Financial Reform and Economic Development in China
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Financial Reform and Economic Development in China

James Laurenceson and Joseph C.H. Chai

This book is a comprehensive, balanced and realistic assessment of China’s financial reform program and future direction. Covering not only the banking sector but also non-bank financial institutions, stock market development and external financial liberalization, the authors examine the impact of financial reform on economic development in China during the reform period. This volume will facilitate a more accurate assessment of the Chinese approach to financial reform, and will therefore, allow more informed future policy choices for both China and other developing and transitional countries.
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Chapter 8: Conclusion

James Laurenceson and Joseph C.H. Chai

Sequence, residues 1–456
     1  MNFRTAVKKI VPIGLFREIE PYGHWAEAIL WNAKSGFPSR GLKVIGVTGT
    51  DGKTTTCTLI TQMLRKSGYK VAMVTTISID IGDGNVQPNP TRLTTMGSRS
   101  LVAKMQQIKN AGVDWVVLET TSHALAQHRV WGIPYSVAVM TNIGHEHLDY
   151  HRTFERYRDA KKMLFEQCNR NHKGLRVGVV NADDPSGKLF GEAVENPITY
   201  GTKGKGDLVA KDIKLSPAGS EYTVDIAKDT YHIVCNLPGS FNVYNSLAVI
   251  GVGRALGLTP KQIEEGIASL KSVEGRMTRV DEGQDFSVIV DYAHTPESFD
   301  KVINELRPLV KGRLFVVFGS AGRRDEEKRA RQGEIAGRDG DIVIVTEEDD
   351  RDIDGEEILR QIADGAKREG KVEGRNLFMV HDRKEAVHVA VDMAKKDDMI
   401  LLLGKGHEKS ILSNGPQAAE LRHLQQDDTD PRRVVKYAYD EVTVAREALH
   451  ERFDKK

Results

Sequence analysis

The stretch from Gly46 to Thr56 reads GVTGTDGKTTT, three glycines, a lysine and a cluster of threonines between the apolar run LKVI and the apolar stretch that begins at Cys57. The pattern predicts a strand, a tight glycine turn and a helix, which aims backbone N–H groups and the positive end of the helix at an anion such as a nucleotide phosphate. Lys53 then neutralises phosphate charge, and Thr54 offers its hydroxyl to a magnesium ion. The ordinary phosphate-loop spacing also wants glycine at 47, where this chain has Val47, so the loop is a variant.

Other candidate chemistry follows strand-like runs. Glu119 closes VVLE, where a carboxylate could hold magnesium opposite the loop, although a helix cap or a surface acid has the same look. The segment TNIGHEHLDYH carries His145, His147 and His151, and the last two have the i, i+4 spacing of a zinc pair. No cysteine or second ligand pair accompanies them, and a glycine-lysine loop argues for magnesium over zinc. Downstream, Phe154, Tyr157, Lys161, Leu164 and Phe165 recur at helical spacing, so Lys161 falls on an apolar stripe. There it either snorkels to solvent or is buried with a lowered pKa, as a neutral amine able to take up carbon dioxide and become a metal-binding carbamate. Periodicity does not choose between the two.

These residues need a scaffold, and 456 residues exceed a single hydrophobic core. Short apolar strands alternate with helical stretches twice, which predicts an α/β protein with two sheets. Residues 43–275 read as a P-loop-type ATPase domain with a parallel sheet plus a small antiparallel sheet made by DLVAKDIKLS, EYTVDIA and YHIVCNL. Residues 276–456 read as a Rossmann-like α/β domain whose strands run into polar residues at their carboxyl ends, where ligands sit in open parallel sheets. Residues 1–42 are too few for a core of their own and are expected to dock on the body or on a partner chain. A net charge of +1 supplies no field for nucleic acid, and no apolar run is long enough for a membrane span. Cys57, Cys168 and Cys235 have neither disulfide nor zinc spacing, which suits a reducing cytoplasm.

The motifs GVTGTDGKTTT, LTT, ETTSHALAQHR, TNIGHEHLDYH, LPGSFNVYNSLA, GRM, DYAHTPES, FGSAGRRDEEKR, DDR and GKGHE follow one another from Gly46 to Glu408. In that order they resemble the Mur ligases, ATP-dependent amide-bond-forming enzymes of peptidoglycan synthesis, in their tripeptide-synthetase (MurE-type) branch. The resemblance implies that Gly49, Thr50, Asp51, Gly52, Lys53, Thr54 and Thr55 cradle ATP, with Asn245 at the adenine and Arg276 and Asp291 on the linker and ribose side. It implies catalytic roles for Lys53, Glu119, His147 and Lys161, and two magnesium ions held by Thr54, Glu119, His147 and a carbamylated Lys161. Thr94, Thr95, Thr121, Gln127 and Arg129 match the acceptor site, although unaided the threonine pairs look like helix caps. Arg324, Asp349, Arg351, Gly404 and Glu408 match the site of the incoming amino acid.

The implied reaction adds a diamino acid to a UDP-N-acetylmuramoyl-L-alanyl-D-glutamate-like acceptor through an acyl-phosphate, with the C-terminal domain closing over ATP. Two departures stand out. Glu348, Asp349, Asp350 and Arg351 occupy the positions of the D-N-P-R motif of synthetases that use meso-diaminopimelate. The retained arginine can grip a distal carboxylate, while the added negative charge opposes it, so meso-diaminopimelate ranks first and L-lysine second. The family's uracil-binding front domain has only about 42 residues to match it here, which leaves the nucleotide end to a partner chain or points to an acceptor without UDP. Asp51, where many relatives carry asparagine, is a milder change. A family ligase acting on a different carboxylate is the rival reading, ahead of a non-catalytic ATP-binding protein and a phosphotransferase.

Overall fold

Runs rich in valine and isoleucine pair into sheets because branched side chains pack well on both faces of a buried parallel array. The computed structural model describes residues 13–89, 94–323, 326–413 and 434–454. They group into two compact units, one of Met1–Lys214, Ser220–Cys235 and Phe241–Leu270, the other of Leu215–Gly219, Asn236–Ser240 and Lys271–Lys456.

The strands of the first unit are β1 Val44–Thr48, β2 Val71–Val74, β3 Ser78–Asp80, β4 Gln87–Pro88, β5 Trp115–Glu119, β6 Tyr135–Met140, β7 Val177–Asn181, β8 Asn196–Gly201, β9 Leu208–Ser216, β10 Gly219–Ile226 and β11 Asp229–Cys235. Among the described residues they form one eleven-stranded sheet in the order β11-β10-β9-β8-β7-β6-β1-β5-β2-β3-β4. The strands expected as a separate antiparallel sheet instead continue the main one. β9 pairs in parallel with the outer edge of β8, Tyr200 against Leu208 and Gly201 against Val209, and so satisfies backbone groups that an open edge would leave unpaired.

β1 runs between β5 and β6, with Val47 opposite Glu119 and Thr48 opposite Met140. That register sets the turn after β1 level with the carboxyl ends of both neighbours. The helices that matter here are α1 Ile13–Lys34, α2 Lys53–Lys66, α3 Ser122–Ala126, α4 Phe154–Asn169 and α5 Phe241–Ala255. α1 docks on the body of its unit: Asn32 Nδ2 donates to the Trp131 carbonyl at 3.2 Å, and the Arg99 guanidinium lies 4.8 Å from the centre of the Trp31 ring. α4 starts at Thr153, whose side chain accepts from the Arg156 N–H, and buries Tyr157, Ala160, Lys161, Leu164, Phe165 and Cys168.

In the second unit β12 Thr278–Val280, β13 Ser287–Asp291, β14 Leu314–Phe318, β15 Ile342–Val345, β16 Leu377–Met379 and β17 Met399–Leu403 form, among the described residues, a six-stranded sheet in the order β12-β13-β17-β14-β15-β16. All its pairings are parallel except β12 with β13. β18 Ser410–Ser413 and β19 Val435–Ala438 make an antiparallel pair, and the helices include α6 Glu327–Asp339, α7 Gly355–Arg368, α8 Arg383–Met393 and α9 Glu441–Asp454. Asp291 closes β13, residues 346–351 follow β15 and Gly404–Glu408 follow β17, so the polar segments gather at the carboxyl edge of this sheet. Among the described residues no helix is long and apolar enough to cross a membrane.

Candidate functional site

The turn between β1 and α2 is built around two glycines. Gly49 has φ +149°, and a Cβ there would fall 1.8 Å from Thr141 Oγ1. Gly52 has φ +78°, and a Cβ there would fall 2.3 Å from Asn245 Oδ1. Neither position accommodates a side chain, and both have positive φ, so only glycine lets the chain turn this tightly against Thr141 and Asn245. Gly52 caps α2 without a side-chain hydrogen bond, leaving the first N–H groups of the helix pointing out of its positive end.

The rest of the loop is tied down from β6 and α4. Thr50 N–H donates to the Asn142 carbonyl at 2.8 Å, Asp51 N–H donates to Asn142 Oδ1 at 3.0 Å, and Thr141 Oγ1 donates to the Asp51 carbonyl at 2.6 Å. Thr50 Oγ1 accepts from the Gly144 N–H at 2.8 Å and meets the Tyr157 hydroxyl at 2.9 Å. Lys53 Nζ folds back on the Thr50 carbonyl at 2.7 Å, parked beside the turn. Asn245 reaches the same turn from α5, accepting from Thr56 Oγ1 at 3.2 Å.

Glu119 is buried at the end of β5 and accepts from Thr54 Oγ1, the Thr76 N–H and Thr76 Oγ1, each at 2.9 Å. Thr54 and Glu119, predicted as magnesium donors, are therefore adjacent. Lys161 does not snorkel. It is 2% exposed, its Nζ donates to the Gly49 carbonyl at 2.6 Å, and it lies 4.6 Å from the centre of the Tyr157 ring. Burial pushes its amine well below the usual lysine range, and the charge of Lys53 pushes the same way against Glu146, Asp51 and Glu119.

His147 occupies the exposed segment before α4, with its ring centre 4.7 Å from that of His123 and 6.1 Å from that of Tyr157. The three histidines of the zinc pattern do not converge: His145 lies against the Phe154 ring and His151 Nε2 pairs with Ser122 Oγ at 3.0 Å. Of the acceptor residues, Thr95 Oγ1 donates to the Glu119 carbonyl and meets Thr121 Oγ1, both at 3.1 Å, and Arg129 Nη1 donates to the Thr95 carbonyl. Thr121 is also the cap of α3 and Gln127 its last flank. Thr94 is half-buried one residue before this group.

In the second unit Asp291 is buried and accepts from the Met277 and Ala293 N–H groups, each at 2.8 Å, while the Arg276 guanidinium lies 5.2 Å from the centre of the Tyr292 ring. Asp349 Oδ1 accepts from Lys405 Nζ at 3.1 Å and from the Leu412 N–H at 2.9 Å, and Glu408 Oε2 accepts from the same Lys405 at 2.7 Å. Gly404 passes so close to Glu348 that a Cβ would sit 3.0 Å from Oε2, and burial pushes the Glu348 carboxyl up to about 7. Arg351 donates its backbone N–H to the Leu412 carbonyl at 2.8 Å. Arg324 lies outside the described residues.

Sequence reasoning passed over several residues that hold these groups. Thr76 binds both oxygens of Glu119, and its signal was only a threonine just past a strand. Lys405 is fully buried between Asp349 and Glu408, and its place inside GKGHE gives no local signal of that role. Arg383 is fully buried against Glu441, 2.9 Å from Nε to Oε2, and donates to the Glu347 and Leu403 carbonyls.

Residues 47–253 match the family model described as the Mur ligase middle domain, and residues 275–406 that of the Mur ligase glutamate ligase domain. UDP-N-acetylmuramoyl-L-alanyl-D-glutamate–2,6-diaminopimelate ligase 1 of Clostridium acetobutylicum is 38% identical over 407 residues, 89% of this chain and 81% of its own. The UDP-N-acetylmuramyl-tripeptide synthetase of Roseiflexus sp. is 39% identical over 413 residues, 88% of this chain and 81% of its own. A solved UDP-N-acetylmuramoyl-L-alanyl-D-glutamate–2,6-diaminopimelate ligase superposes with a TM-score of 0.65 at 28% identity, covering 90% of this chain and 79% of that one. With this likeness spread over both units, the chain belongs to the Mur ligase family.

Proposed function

MAJOR FINDINGS The major findings of this research can be summarized according to two central themes. First, when viewed in a historical perspective, the Chinese financial sector has experienced substantial reform since the transition to a market economy began in 1978. Particularly prominent in this liberalization has been vast institutional diversification. Prior to 1978, China’s financial system consisted almost exclusively of a state-owned, mono-banking system. Early in the reform period this system was replaced with a two-tiered banking structure, with the PBC installed as the central bank and other SOBs performing a mix of development and commercial banking functions. Banks of various other ownership classifications have also joined the SOBs. In addition to banking system institutional diversification, numerous NBFIs have emerged including UCCs, TICs, the postal savings network, finance companies, insurance companies, leasing companies and securities companies. Direct capital markets for both equity and debt are also now part of the modern Chinese financial system. Another prominent aspect of financial sector reform has been that government controls over financial institutions have been relaxed. Prior to the transition to a market economy, financial institutions were directly controlled by the central government, interest rates were fixed at low levels, and the volume and direction of credit was decreed in a detailed manner by the credit plan. However, during the reform period, a floating interest rate system has been introduced, which has given financial institutions varying degrees of autonomy to set their own interest rates within a specified band...

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